When was the battle of Somme Causes and effects

Battle of the Somme

Battle between French and British against Germans. In this article we will let you know When was the battle of Somme?

Date July 1 – November 18, 1916.
Place Banks of the Somme, northern France.
Belligerents France and Great Britain vs. Germany.
Outcome Indeterminate.

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When was the battle of Somme?

The Battle of the Somme was a battle that took place during the First World War in Europe, and where the British and French armies fought against the German. 

This was fought between July 1 and November 18, 1916, and included the second longest battle of the entire First World War and also the bloodiest.

It took place on the banks of the Somme, in northern France , where its name comes from. The French Army was commanded by Marshal Joseph Joffre (1852 – 1931), while the British Army by General Douglas Haig (1861 – 1928). For their part, the German troops were commanded by General Fritz von Below (1853 – 1918).

The results, in the short term, did not favor either side. However, for many historians this battle was key to the victory of the Allies (France and England) over Germany in 1918 , due to the great loss of life and German commanders.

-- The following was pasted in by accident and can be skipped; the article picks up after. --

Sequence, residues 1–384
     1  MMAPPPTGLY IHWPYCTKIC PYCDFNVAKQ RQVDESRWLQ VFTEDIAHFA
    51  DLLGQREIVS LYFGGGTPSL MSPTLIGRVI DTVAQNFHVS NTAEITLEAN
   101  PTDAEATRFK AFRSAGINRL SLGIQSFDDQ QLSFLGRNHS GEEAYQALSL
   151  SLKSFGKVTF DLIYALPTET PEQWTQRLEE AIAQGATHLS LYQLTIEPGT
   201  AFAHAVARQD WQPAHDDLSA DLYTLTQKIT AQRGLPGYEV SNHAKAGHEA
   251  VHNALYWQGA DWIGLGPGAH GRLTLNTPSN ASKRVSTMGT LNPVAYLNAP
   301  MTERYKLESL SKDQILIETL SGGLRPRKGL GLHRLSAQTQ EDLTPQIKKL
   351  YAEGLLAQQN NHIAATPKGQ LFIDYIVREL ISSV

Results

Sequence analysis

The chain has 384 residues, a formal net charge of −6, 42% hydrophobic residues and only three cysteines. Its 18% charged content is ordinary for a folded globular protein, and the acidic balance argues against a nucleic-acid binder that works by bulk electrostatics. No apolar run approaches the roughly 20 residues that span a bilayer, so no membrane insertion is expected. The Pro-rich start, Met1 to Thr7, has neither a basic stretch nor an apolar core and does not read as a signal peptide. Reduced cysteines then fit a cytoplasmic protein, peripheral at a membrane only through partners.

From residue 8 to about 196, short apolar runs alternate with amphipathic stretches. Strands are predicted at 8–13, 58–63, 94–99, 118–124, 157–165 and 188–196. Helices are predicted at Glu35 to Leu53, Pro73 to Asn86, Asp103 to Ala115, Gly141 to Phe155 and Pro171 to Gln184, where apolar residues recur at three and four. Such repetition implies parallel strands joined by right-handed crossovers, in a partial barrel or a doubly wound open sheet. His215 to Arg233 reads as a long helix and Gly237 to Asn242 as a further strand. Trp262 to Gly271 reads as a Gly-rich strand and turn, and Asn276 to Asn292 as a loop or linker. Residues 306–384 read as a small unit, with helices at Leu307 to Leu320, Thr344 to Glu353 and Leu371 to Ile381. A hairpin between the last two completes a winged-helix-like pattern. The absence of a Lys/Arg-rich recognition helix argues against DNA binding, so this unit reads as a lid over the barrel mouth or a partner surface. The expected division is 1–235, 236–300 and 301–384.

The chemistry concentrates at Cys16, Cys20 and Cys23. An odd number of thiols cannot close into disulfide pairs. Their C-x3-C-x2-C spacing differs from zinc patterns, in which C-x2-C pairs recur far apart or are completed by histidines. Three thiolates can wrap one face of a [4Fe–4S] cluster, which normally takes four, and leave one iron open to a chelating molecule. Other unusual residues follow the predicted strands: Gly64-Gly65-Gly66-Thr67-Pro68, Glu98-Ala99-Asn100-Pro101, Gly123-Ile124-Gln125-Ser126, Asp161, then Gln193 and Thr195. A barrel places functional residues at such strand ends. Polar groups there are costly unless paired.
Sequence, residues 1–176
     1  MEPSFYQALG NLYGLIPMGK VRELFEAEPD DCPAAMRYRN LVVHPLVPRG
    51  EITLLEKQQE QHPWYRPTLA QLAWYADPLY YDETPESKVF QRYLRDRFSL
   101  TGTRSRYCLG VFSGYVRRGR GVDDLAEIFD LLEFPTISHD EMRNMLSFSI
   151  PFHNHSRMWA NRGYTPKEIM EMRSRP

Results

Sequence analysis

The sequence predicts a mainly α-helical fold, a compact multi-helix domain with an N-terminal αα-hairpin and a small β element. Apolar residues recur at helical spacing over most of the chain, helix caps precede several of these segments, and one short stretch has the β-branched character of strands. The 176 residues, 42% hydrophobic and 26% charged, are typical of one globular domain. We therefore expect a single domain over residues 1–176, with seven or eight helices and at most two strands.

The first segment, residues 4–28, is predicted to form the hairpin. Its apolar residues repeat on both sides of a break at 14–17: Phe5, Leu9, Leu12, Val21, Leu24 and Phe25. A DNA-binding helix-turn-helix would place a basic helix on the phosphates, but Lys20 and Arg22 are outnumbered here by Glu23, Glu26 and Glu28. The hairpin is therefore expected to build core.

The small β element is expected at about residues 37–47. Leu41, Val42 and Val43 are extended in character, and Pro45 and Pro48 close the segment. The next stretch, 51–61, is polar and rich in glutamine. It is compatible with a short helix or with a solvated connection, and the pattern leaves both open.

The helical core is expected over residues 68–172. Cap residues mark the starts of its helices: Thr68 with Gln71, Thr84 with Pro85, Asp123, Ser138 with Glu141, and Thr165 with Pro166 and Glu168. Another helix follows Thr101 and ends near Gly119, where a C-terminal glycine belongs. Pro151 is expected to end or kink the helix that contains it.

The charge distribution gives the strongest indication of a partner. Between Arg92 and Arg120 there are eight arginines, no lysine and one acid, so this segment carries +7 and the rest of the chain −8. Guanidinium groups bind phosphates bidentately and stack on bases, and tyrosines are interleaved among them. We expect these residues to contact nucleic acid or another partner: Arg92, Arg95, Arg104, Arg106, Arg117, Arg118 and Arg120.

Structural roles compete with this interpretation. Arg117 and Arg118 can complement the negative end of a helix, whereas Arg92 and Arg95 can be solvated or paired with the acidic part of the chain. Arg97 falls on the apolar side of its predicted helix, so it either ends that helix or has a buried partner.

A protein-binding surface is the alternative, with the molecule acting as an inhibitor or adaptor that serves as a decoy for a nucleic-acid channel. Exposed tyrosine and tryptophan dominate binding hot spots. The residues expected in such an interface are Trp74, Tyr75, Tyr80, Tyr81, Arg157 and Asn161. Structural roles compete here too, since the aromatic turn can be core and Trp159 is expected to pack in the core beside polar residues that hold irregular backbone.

British deaths are believed to have amounted to almost 420,000 and the French to 205,000, while the Germans lost approximately 465,000 men. With these fatal results, the Battle of the Somme became the bloodiest conflict in the entire First World War

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Causes and effects of the Battle of the Somme


This battle was the response of the French and British armies to the advance of Germany in the west, during the First World War .

At the Chantilly conference of 1915, the Allies had devised a strategy to attack Germany on three fronts, with the western front defended by France and the United Kingdom. The Somme and Verdun areas were where the most famous battles for their ferocity took place.

The strategy consisted of weakening the invader enough to withdraw from the battle of Verdun , where a prolonged fight was fought between the same opponents, in defense of French territory.


Total casualties are estimated to have reached a million soldiers, between 450,000 for the Franco-British coalition and more than 500,000 for the German Empire. The Somme battle was the bloodiest battle in the history of the British Army. On the first day of combat alone, July 1, 1916, about 19,240 British dead were estimated.

Its result includes a partial victory for the Franco-British coalition, who despite not having been able to advance north to fight, managed to stop the German attempts to invade these areas of Europe.

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